• A liquid composed of nonpolar molecules is a nonpolar solvent. Hexane is a nonpolar solvent.


Like dissolves like l.jpg
Like Dissolves Like

  • Polar solvents dissolve in one another.

  • Nonpolar solvents dissolve in one another.

  • This it the like dissolves like rule.

  • Methanol dissolves in water but hexane does not dissolve in water.

  • Hexane dissolves in toluene, but water does not dissolve in toluene.


Miscible immiscible l.jpg
Miscible & Immiscible

  • Two liquids that completely dissolve in each other are miscible liquids.

  • Two liquids that are not miscible in each other are immiscible liquids.

  • Polar water and nonpolar oil are immiscible liquids and do not mix to form a solution.


Solids in solution l.jpg
Solids in Solution

  • When a solid substance dissolves in a liquid, the solute particles are attracted to the solvent particles.

  • When a solution forms, the solute particles are more strongly attracted to the solvent particles than other solute particles.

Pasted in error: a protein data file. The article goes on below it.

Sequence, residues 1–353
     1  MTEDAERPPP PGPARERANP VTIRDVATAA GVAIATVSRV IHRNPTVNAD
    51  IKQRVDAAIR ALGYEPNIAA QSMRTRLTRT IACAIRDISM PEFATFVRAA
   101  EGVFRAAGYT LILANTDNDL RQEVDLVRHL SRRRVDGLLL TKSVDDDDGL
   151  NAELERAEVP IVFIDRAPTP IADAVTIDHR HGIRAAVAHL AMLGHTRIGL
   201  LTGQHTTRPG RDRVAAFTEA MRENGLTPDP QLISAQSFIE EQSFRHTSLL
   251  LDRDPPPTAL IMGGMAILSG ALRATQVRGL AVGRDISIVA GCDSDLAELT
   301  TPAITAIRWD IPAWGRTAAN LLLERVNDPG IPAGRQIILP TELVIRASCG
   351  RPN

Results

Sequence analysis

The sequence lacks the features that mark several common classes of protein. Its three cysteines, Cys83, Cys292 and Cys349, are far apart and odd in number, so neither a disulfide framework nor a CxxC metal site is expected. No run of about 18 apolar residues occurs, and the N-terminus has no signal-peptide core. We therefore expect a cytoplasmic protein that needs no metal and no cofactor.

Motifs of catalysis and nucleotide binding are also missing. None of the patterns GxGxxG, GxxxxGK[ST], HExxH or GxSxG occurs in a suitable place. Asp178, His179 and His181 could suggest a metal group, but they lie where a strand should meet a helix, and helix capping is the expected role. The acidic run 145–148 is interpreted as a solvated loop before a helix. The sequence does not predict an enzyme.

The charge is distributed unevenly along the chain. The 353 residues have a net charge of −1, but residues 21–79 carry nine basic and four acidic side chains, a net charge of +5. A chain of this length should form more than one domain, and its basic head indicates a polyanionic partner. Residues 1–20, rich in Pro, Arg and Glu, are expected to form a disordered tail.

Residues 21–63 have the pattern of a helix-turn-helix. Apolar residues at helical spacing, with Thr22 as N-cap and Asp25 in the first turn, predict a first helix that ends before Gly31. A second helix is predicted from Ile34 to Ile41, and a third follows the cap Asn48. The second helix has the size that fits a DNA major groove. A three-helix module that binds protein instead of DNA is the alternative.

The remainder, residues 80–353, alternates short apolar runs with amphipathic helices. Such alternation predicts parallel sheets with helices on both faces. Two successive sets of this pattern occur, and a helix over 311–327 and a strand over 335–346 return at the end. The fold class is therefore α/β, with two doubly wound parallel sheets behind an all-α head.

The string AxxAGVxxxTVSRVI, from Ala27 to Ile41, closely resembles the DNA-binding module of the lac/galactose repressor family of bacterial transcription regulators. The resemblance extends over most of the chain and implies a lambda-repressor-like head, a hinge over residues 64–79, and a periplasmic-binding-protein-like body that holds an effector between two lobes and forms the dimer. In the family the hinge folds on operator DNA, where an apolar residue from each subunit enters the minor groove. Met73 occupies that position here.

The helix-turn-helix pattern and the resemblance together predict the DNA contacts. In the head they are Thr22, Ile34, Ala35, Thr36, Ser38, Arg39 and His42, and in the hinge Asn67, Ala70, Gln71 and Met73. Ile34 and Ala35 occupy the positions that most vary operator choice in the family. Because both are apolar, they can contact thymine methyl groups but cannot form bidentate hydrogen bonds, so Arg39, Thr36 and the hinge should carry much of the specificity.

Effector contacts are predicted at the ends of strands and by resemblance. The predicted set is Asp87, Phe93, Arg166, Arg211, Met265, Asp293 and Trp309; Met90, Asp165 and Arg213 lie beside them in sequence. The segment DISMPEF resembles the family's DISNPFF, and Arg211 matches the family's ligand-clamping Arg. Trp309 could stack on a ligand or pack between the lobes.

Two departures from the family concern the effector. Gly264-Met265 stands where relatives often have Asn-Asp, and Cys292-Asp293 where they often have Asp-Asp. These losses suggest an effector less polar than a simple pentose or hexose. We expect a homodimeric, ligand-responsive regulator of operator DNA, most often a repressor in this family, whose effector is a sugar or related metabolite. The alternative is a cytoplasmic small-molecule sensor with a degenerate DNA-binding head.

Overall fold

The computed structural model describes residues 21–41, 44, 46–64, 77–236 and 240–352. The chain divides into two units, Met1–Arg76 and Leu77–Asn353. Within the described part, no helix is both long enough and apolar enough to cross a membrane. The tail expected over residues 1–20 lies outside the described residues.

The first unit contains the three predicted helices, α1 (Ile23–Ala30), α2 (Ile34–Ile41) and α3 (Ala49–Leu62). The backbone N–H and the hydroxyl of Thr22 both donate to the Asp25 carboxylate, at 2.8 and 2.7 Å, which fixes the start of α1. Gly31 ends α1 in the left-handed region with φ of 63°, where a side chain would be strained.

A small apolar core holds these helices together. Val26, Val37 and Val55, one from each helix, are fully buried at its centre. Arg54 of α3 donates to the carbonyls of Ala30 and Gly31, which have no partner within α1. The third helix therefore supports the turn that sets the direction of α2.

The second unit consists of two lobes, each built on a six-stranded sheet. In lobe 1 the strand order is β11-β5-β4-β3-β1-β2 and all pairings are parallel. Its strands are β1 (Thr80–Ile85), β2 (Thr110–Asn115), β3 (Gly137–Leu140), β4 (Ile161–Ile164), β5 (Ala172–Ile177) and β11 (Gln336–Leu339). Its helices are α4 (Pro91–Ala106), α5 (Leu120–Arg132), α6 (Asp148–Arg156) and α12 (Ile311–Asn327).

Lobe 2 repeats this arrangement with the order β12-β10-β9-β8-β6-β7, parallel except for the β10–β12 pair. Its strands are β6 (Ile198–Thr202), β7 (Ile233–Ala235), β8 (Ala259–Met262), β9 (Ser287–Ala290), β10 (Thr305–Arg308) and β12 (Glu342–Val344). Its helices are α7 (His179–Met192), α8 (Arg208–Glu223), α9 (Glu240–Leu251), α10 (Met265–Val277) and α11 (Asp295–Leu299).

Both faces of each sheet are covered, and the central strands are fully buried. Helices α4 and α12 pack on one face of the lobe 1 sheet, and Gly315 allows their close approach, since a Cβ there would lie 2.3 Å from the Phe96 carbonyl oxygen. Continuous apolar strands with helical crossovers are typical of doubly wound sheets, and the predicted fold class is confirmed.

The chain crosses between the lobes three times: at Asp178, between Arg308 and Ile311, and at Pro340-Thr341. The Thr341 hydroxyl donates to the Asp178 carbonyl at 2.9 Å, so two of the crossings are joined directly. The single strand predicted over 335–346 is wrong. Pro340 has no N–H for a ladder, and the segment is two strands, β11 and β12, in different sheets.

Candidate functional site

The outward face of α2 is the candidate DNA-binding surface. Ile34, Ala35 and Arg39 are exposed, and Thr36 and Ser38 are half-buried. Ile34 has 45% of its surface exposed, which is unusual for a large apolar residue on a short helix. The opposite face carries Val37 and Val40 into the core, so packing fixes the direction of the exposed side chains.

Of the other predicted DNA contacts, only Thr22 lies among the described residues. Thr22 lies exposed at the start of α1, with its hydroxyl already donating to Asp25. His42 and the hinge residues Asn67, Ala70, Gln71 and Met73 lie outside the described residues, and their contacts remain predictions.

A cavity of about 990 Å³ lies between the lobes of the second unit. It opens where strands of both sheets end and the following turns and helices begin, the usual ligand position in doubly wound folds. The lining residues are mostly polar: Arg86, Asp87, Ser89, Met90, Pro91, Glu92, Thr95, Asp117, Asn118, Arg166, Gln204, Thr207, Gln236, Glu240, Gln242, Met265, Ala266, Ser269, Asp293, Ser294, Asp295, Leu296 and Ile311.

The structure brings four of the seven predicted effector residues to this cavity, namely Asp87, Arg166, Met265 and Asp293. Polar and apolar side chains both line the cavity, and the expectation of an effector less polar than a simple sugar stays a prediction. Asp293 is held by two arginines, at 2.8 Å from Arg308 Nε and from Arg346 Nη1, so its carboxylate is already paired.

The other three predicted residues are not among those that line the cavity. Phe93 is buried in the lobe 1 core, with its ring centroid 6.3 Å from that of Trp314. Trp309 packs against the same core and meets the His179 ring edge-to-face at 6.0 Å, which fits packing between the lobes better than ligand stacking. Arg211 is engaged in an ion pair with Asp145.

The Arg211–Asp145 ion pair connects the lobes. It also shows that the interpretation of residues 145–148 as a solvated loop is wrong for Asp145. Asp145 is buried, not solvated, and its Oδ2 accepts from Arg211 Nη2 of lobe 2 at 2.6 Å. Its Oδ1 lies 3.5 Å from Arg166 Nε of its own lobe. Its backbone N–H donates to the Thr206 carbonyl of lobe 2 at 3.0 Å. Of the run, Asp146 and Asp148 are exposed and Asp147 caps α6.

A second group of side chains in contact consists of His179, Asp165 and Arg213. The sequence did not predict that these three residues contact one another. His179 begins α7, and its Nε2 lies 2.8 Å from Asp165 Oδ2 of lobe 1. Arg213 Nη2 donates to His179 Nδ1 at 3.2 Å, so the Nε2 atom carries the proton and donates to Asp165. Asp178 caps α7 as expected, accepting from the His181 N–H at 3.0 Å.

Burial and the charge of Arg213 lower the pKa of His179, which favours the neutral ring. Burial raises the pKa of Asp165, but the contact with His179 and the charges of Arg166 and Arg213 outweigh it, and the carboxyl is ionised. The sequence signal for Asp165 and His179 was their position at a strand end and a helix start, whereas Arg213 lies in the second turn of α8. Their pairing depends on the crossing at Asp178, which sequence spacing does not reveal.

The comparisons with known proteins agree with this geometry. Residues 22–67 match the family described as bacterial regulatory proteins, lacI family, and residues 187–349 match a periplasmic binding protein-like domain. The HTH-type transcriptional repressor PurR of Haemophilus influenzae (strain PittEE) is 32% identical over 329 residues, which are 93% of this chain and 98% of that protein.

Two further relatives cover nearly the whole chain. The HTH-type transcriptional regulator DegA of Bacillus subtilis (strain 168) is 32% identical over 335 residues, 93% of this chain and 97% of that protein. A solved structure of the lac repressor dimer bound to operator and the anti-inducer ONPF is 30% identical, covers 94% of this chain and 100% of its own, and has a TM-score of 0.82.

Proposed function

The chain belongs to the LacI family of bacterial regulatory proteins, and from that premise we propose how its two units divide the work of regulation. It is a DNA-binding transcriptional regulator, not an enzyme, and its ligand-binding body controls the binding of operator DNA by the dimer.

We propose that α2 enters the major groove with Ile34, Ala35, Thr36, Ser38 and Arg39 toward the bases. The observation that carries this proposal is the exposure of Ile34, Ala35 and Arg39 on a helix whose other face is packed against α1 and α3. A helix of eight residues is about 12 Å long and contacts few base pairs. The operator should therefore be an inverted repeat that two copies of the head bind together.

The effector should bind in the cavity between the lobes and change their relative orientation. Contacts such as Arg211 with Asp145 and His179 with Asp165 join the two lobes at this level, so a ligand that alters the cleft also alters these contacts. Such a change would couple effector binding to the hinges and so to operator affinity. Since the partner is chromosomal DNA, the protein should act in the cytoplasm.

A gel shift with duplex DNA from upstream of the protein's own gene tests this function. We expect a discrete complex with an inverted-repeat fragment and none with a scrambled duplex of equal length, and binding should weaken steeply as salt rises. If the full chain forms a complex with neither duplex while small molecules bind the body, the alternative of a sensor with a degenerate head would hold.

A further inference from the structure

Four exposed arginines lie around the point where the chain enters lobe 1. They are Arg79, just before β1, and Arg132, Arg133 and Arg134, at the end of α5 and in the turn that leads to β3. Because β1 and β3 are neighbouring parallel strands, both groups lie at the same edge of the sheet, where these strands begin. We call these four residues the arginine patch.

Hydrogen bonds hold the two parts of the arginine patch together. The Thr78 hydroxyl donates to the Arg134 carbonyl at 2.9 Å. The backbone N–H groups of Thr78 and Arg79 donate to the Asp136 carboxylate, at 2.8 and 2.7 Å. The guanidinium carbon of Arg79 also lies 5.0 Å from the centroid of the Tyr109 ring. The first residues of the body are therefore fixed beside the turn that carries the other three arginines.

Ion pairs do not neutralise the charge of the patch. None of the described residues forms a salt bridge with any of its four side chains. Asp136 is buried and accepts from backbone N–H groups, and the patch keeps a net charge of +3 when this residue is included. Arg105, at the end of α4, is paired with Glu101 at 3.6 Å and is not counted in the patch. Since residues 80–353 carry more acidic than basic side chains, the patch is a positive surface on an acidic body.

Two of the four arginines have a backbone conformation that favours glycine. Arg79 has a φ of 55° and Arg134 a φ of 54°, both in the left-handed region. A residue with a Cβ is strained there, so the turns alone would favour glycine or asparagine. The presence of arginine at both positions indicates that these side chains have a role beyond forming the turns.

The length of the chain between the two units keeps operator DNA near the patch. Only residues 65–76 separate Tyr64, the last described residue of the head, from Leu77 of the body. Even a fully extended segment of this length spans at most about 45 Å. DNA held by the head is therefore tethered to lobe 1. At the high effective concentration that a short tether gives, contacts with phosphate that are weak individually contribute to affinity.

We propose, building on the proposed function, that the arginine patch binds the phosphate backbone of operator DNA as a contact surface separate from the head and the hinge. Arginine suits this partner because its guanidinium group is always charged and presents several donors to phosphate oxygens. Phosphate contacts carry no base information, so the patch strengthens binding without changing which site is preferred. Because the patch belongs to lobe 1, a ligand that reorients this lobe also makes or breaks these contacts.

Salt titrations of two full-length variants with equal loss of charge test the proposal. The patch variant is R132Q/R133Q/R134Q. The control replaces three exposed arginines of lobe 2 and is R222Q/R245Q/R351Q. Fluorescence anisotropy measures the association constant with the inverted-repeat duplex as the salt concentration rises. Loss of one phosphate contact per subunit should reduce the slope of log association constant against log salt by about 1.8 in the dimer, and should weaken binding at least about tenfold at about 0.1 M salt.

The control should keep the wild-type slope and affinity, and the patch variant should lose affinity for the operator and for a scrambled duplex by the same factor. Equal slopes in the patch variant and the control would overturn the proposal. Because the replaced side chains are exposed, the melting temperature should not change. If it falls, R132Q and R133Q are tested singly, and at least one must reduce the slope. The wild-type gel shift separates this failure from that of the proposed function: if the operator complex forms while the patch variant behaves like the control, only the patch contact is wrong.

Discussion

• We can also predict whether a solid will dissolve in a liquid by applying the like dissolves like rule.


Like dissolves like for solids l.jpg
Like Dissolves Like for Solids

  • Ionic compounds, like sodium chloride, are soluble in polar solvents and insoluble in nonpolar solvents.

  • Polar compounds, like table sugar (C12H22O11), are soluble in polar solvents and insoluble in nonpolar solvents.

  • Nonpolar compounds, like naphthalene (C10H8), are soluble in nonpolar solvents and insoluble in polar solvents.


The dissolving process l.jpg
The Dissolving Process

  • When a soluble crystal is placed into a solvent, it begins to dissolve.

  • When a sugar crystal is placed in water, the water molecules attack the crystal and begin pulling part of it away and into solution.

  • The sugar molecules are held within a cluster of water molecules called a solvent cage.


Dissolving of ionic compounds l.jpg
Dissolving of Ionic Compounds